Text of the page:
- A potential coronavirus cure has failed to meet the primary goals of its Phase 3 trial despite the promise the drug has shown elsewhere.
- Tocilizumab did not improve the clinical status of COVID-19 patients and did not reduce patient mortality in Roche’s Phase 3 testing.
- The drug still holds potential and will continue to be studied. Several other researchers have been working with tocilizumab and other interleukin-6 inhibitors in COVID-19 therapies, and have seen some success.
Doctors involved in COVID-19 drug research have been trying a variety of therapies to cure and prevent infection. It’s not just vaccines that scientists are studying, but also all sorts of medicines that could prevent complications and deaths related to COVID-19. One of the success stories involves remdesivir, an experimental drug that can reduce recovery time and help save lives. Dexamethasone is another example. The old steroid is widely available and quite affordable, and it can help with severe COVID-19 cases. But not all these therapies will work. Hydroxychloroquine is the most famous failure so far. The anti-malarial can’t prevent infection or cure COVID-19, as various studies have shown. Blood plasma is another promising therapy, but the FDA has put a halt on its emergency use authorization because health officials think the available studies aren’t strong enough.
We can now add another new drug to the list of failures: tocilizumab, a promising drug that we’ve seen mentioned in a variety of studies, but which has proven to be ineffective in its Phase 3 trial. But all hope is not yet lost for this particular therapy.
Doctors form Boston Medical Center (BMC) showed in a recent study that interleukin-6 inhibitors like sarilumab and tocilizumab can reduce mortality in severe COVID-19 cases. We mentioned at the time that the research wasn’t a randomized, double-blind, placebo-controlled study, but rather an observational one. Separately, a plasma study that also lacked a placebo group said that transfusions could save the lives of patients if the antibody-rich plasma is given within three days. The cohort of patients in the study also received other drugs, including steroids and tocilizumab.
Remdesivir-maker Gilead Sciences said in mid-June that it’s considering pairing its new drug with others to improve its effectiveness. Tocilizumab was on the list.
This brings us to Roche’s version of tocilizumab — Actemra — which has been featured in news reports dating as far back as mid-April. The Swiss drugmaker started a Phase 3 study of the rheumatoid arthritis drug back in mid-March, and the conclusions arrived a few weeks ago.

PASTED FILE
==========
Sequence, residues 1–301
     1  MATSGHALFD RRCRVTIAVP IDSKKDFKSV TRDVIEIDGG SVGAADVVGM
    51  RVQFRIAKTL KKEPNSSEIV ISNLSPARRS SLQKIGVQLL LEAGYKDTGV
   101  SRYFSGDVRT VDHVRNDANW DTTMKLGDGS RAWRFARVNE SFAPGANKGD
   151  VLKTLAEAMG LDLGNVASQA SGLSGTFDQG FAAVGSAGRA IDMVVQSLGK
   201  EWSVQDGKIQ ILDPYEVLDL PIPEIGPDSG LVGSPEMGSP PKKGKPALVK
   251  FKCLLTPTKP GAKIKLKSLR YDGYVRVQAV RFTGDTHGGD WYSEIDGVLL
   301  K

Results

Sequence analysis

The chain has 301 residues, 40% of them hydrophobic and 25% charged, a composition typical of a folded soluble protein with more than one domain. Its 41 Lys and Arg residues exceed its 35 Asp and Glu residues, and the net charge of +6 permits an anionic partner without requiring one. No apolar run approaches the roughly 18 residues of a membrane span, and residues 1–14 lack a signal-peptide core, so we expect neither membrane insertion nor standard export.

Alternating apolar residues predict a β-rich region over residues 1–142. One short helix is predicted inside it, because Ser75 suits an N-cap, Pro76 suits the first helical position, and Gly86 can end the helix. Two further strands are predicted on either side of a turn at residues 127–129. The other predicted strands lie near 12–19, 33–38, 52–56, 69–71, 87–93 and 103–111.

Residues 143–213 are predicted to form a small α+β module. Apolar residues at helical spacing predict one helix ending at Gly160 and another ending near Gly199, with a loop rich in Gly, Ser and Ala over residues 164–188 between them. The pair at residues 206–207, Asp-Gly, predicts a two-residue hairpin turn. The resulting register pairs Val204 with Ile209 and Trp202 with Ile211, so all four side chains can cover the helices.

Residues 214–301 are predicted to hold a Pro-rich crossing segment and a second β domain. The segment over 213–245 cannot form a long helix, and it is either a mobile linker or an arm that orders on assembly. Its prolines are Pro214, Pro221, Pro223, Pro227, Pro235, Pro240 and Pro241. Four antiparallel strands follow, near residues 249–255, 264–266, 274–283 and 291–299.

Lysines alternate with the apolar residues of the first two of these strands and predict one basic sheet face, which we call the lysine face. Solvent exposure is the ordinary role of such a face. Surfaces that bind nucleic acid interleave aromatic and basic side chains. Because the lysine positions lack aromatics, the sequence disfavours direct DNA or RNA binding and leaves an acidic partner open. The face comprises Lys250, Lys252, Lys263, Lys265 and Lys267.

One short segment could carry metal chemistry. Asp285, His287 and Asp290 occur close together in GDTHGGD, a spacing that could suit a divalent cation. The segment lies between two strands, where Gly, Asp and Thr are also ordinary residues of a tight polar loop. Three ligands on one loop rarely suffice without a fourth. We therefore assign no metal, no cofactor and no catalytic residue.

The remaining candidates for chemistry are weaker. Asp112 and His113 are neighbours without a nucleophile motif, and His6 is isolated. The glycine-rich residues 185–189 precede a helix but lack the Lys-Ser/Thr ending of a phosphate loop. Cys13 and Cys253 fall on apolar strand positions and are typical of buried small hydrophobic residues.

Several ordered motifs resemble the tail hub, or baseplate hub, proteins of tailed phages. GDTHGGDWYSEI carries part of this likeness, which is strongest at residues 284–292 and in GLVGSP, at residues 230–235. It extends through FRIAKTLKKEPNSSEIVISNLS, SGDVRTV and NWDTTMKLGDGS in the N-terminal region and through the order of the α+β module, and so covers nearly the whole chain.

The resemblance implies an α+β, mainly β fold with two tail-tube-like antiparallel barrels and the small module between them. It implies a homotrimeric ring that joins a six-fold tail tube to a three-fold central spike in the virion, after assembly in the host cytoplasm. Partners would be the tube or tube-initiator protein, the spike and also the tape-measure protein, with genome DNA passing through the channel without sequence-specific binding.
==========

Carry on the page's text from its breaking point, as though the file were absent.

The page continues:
As BioSpace explained in late July, Roche’s San Francisco-based partner Genentech announced that the COVACTA study did not meet its “primary endpoint of improved clinical status in hospitalized adult patients with severe COVID-19 associated pneumonia.” Furthermore, “the key secondary endpoints, which included the difference in patient mortality at week four, were not met.” In other words, this version of tocilizumab combined with standard care could not improve the condition of COVID-19 patients or prevent deaths.
There is a silver lining here, as researchers observed a positive trend in discharge times with patients who received Actemra. Placebo patients needed 28 days to leave the hospital, while those on Roche’s tocilizumab left after 20 days. The study was still a failure though, since the primary endpoint was not met.
Roche on Wednesday announced a new partnership with Regeneron. That’s the company making REGN-COV2, a monoclonal antibody drug that could both treat COVID-19 and provide temporary immunity. Regeneron’s compound is a mix of two antibodies and the firm has already inked a $450 million deal with the US government. REGN-COV2 is currently in a Phase 2/3 clinical trial for treatment, and a Phase 3 trial for prevention. The conclusions aren’t yet available but if the drug is effective, Regeneron could distribute it in the US while Roche handles international distribution.
How is tocilizumab connected to REGN-COV2? It’s not, but Roche’s announcement does mention its Actemra trials. The company acknowledges that the now-concluded Phase 3 trial did not meet its primary endpoint or the key secondary endpoint. But “Roche remains committed to continuing the Actemra/RoActemra clinical trial program in COVID-19 to further explore Actemra/RoActemra in other treatment settings, including in combination with an antiviral.” Maybe Gilead and Roche could work together on a remdesivir-Actemra study, given that each company is studying pairing its drug with something else. Roche also has three other Actemra clinical trials in the works: REMDACTA in Phase 3, EMPACTA in Phase 3, and MARIPOSA in Phase 2.
That’s all to say that tocilizumab might still be useful as a COVID-19 therapy in the future. We’ll just have to get used to some failures along the way.